George Dvorsky inteviews Keith E. Stanovich in io9:
Cognitive biases are an essential part of the modern definition of rationality in cognitive science.
To think rationally means taking the appropriate action given one’s goals and beliefs — what we call instrumental rationality — and holding beliefs that are in synch with available evidence, or epistemic rationality. Collectively, the many tasks of the heuristics and biases program — and the even wider literature in decision science — comprise the operational definition of rationality in modern cognitive science (see my book Rationality and the Reflective Mind, 2011).
Let me give you some examples of instrumental rationality and irrationality:
- The ability to display disjunctive reasoning in decision making [e.g. Either the Sun orbits the Earth, or the Earth orbits the Sun. The Sun does not orbit the Earth. Therefore, the Earth orbits the Sun.]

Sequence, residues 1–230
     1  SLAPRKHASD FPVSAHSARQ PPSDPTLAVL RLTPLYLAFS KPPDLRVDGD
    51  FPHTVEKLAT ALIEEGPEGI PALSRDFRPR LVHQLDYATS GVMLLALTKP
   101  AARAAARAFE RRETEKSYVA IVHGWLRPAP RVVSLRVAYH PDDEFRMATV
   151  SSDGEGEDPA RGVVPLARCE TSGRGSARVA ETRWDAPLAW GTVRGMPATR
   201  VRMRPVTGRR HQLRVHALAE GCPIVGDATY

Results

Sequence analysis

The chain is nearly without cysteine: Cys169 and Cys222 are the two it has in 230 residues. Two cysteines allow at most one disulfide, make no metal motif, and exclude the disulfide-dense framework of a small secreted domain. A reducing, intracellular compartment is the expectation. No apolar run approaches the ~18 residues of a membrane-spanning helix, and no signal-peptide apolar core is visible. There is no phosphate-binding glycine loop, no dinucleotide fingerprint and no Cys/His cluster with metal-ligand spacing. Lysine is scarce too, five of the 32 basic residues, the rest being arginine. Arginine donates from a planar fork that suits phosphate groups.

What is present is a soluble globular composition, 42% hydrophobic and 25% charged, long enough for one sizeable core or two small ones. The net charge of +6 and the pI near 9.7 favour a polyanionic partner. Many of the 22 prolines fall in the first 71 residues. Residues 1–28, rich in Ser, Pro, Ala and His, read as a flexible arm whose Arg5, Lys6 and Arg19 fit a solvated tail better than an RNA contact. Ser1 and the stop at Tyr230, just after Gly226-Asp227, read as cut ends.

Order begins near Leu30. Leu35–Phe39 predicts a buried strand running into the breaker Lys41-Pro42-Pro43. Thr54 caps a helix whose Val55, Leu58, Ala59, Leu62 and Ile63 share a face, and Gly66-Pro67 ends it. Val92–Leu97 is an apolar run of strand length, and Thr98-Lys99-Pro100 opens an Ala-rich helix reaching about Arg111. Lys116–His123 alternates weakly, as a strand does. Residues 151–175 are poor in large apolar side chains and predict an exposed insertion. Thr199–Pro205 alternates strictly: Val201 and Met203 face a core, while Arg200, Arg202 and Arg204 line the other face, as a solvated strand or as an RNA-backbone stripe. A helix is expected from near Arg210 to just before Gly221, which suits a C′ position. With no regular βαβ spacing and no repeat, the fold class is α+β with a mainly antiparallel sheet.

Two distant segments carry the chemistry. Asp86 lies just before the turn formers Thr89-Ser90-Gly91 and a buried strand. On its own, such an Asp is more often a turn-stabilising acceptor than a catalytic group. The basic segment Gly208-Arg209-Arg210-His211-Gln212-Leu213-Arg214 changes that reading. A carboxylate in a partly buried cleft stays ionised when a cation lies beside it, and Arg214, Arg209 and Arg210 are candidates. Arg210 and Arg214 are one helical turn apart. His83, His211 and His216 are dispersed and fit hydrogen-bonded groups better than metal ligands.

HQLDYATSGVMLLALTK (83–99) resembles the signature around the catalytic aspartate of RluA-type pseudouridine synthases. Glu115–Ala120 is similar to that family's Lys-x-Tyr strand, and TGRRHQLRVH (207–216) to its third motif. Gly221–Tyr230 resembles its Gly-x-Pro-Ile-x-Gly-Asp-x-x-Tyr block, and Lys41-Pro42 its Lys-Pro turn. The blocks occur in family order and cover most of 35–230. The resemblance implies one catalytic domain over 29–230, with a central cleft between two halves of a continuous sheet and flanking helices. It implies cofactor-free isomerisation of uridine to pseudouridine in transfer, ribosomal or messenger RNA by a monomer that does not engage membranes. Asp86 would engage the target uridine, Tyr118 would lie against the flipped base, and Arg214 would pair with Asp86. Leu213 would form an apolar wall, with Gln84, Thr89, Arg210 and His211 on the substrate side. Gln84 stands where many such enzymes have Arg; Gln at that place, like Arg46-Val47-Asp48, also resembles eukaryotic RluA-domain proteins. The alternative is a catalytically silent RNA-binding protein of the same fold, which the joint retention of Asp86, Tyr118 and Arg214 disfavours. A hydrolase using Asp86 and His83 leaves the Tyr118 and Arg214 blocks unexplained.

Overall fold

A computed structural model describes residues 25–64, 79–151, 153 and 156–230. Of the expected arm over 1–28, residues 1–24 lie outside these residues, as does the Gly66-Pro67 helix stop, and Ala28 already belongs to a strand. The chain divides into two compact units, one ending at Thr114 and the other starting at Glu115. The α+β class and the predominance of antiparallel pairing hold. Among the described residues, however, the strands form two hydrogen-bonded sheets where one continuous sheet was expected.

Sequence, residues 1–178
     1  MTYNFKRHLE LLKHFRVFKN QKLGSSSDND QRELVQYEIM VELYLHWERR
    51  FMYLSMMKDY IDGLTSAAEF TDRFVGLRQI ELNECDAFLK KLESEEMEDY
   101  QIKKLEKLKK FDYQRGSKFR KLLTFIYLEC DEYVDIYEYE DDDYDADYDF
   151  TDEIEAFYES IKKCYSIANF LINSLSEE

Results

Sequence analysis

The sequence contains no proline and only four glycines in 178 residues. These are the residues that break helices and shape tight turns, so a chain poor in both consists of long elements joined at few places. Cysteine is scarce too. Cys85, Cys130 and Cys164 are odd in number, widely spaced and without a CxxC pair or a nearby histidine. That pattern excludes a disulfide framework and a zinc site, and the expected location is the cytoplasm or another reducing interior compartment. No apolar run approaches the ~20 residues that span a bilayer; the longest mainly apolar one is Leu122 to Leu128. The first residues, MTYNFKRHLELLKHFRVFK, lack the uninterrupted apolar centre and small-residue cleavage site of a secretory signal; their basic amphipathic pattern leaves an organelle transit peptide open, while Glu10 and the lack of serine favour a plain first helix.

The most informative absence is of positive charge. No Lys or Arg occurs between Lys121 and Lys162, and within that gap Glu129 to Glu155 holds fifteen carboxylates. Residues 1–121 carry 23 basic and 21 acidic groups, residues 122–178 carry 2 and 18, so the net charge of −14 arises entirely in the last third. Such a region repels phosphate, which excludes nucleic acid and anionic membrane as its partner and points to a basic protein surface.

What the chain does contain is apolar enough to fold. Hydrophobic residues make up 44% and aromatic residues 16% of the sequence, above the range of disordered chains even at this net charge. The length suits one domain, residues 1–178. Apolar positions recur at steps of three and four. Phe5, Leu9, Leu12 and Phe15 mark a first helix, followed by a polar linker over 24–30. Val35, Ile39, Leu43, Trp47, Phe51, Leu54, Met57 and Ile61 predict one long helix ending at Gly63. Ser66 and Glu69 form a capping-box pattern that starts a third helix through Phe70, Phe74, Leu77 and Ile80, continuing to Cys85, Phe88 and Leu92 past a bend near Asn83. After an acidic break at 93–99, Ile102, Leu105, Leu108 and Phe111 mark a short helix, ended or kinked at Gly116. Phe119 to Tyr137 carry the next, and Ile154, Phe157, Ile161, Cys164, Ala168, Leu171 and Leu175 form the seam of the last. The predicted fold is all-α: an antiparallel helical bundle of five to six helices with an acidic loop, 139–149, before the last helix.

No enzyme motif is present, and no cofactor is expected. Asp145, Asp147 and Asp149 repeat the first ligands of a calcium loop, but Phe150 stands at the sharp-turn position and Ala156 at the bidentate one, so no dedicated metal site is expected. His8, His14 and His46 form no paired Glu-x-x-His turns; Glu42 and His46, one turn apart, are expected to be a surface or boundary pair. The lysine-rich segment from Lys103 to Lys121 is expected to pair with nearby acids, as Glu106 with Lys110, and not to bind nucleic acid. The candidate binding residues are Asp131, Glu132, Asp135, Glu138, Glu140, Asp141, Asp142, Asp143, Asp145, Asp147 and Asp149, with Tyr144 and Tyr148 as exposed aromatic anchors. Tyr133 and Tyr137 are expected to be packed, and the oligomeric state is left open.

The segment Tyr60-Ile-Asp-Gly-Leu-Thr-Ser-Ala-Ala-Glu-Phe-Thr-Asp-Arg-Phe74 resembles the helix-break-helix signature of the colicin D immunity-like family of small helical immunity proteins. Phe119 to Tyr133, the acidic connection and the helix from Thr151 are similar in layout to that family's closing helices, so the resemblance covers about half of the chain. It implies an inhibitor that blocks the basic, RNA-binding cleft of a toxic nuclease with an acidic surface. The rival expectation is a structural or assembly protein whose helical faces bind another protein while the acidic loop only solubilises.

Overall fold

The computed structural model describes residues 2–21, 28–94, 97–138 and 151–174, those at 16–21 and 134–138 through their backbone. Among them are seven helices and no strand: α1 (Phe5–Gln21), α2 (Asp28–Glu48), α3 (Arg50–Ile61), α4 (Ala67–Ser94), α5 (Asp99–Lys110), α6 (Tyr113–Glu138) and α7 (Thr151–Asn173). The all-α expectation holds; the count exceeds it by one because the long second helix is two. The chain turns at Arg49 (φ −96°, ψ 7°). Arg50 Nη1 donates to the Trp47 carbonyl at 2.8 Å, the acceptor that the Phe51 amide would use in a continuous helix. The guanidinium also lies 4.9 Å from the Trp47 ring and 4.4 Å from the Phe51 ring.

- The tendency to show inconsistent preferences because of framing effects [e.g. saying a ‘glass is half empty’ can often be more persuasive than suggesting the inverse; this is somewhat related to the negativity bias]
- The tendency to show a default bias [a.k.a. the status quo bias in which we hold a preference for the way things currently are]
- The tendency to substitute affect for difficult evaluations [sometimes when we have to answer a difficult question we actually answer a related but different question without realizing a substitution has taken place]
- The tendency to over-weight short-term rewards at the expense of long-term well-being [which is also referred to as the current moment bias]
- The tendency to have choices affected by vivid stimuli [e.g. men have been shown to make poor decisions in the presence of an attractive female]
- The tendency for decisions to be affected by irrelevant context